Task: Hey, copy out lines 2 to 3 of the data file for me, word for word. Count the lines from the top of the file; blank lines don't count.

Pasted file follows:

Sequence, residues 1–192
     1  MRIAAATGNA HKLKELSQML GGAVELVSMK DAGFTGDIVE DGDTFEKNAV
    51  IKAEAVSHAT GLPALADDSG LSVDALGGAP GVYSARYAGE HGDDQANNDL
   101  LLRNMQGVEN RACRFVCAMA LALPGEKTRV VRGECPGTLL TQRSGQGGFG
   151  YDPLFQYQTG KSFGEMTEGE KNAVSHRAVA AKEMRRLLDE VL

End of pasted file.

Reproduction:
     1  MRIAAATGNA HKLKELSQML GGAVELVSMK DAGFTGDIVE DGDTFEKNAV
    51  IKAEAVSHAT GLPALADDSG LSVDALGGAP GVYSARYAGE HGDDQANNDL